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August 28 2023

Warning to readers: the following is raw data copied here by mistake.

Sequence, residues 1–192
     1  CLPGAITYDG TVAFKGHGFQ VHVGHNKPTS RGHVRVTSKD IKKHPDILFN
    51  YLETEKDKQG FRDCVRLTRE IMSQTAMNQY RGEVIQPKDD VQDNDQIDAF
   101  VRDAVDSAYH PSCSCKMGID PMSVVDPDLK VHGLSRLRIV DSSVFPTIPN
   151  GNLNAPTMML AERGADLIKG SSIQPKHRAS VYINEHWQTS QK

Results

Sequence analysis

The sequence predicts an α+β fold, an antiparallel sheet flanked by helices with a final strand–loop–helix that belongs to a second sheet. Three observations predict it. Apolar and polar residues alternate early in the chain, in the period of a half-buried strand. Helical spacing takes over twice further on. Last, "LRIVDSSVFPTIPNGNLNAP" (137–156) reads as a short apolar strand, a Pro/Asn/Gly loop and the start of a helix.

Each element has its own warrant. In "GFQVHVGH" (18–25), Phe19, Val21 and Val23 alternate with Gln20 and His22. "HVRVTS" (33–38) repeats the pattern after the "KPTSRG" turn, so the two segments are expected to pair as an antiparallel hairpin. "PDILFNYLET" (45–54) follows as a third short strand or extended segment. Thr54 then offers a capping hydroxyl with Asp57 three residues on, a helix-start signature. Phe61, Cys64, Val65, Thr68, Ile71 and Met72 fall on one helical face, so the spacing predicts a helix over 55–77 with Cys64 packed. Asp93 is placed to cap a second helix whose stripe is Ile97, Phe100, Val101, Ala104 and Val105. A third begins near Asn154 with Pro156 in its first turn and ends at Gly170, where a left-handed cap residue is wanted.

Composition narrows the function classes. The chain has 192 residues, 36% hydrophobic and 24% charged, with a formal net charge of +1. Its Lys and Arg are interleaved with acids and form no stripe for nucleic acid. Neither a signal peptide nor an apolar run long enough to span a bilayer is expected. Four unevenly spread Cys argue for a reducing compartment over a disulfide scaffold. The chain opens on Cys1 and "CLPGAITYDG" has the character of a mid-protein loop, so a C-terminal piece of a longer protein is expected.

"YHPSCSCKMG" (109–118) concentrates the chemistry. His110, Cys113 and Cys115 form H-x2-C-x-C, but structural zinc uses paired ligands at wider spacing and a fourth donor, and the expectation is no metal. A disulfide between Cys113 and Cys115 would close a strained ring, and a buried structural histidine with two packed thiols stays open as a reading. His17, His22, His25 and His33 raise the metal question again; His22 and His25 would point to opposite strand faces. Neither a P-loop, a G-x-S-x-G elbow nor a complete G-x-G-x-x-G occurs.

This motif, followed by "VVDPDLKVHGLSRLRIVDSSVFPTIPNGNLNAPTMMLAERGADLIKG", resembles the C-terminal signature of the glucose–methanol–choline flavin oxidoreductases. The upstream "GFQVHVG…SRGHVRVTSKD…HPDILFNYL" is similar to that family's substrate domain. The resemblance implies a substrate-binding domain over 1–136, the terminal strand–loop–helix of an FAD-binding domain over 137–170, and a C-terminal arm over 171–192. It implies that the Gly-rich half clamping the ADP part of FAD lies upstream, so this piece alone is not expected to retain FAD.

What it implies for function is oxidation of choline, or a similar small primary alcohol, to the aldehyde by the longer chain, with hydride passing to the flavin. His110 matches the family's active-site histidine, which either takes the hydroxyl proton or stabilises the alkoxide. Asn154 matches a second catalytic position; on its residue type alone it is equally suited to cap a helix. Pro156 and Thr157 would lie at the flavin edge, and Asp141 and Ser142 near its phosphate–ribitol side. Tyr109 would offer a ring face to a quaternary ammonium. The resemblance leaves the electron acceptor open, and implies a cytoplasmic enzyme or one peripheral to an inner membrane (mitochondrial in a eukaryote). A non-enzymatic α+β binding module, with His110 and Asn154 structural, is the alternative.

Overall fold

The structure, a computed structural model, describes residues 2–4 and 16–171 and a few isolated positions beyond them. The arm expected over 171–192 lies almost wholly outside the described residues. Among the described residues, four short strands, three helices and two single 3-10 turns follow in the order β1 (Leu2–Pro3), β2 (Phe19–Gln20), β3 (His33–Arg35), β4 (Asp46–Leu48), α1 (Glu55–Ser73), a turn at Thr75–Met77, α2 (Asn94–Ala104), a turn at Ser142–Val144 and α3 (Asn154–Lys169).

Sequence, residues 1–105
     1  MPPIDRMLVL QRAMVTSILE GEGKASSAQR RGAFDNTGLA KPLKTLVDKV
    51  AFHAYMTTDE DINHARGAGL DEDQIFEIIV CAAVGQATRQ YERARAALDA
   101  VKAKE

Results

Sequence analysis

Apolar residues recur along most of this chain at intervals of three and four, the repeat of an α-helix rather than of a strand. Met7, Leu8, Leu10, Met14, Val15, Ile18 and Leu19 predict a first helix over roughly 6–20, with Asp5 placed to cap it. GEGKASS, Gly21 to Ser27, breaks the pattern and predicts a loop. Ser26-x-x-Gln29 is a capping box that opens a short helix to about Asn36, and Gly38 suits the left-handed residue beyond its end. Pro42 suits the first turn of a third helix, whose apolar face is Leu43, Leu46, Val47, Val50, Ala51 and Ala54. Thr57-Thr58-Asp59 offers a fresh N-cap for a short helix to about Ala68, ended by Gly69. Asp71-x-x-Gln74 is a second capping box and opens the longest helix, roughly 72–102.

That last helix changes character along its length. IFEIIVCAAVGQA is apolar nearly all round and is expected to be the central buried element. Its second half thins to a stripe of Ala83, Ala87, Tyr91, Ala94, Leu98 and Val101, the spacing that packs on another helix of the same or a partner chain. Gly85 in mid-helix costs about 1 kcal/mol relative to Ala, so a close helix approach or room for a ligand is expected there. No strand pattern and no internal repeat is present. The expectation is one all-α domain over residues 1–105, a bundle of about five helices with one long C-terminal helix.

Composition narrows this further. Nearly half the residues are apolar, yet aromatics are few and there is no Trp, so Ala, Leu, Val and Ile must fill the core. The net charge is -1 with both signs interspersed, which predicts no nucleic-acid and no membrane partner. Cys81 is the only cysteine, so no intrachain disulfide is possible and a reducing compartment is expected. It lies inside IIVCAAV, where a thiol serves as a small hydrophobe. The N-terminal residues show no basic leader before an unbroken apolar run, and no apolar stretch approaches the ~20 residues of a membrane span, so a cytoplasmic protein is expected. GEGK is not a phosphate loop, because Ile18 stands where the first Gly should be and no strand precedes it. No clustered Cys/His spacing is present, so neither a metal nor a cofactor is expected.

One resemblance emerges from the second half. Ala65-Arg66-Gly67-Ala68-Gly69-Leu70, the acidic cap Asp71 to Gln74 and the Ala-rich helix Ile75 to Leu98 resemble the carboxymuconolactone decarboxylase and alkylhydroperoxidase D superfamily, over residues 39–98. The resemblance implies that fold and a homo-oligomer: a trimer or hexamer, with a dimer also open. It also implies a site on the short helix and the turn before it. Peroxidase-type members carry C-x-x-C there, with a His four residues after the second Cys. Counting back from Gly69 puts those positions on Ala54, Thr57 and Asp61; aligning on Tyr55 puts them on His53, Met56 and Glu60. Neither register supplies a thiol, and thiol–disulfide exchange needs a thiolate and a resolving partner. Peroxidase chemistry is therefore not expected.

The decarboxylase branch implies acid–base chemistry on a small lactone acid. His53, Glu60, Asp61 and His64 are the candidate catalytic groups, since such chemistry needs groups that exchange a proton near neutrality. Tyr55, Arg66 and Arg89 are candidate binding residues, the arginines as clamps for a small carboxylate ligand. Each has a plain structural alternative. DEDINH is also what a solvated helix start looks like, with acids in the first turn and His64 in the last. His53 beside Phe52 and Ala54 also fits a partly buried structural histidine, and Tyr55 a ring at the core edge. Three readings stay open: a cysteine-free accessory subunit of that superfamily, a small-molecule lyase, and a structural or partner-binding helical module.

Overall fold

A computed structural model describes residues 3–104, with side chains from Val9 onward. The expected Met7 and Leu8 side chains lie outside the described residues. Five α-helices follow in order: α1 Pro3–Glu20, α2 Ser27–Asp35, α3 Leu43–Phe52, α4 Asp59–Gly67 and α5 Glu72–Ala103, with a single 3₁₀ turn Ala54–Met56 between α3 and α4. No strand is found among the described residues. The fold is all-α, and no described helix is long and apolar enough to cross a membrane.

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54 Journal of Commerce | A ugust 28, 2023 www.joc.com Trading Places Peter Tirschwell Unequal and opposite reaction be in any free market economy," OOCL said in comments submitted to the agency. The fact that several shipper groups supported the change indi- cates a shift away from traditional concerns shippers had about carriers not being profi table and, therefore, at risk of consolidation. While the defi nition of "unrea- sonable" will be applied on a case-by- case basis, at issue are the principles the FMC will use in adjudicating complaints brought by shippers who have been refused vessel space to move their goods. Profi tability is just one of many justifi cations carriers could cite refus- ing cargo space. A carrier might refuse a booking from a shipper that is con- sistently late paying its bills or fre- quently fails to deliver booked cargo, or it might refuse to carry certain cargoes out of principle. CMA CGM, for example, stated in mid-2022 it would no longer carry plastic waste to protect the environment. "FMC regulation should not require companies to set aside their corporate values," CMA CGM said, referring to its decision not to carry plastic waste. In its comments, OOCL cited past scenarios in which it declined to carry certain cargoes, asking the FMC if those would result in a viola- tion. Among those are when it can't guarantee onward movement to a fi nal destination following an over- seas transshipment or when space has been reserved for shippers with whom it has a contract. It raised the possibility that car- riers could be penalized for rolling cargo due to carrier overbooking, a relatively common practice to counter cargo no-shows. In the past, those activities would have been seen as normal carrier activity. Under the proposed rule, the FMC will need to consider on a case-by-case basis if those justifi cations are, in its estimation, reasonable. JOC email: peter.tirschwell@spglobal.com principle of whether a private busi- ness can be forced by law to o er its services at a loss. Many believe the government has no such right. But that hasn't prevented the FMC from proposing to downplay business considerations a carrier could cite when refusing to o er ves- sel space to a customer. Can a carrier, for example, decline to accept cargo if the freight rate for an agricul- tural commodity out of the Upper Midwest moving to Asia is $300 to $500 per container, yet to pick up the cargo the carrier must reposition a container from Chicago and then ship it by rail to the West Coast at a cost of $2,500 or more, not counting the roughly $500 cost to lift the box onto the ship? The proposed rule is not clear on that point. But between its initial notice of proposed rulemaking last September to implement the "unrea- sonable refusal to deal" language, and the amended rule published June 14, the FMC dropped "business factors" as a consideration. That was a change that some viewed as an indication of the polit- ical retribution sought against car- riers for the windfall profi ts earned during the pandemic, despite the outsized role of factors outside carri- ers' control, such as port congestion, in creating the conditions that led to the historically tight market and record freight rates. "Business factors will always be part of any consideration and should IN THE AFTERMATH of the perfect storm that was the COVID-19 pan- demic, when ocean container ser- vice quality plummeted as rates blew past previous all-time highs, yielding ocean carriers fortunes beyond their wildest imaginations, the reaction is now o cially under way. And just as the excesses of the pandemic market defi ed logic, so too does the response, or at least some aspects of it. Case in point: how reg- ulators plan to implement the prohi- bition against "unreasonable refusal to deal or negotiate with respect to vessel space accommodations" by ocean carriers codifi ed within US shipping law last year. The question boils down to the defi nition of "unreasonable," and given that Congress provided little insight into what that means in prac- tice, it's up to the US Federal Maritime Commission (FMC) to answer that question through rulemaking man- dated by the Ocean Shipping Reform Act of 2022, signed into law last June. For container carriers, their right to refuse unprofi table business — provided they have vessel space and equipment available — could be on the line. What the FMC is proposing shows how far the pendulum of power has swung in favor of shippers seeking to hold carriers accountable for practices that occurred during the pandemic but were rarely seen prior to that period. Based on a published proposed FMC regulation, it is not clear, for example, that an ocean carrier can refuse to o er vessel space to a ship- per even if it would be forced to move that cargo at a loss. That possibility raises issues that go beyond the legislation to a more fundamental Many believe the government has no right to force a private business to o er its services at a loss. Shutterstock.com

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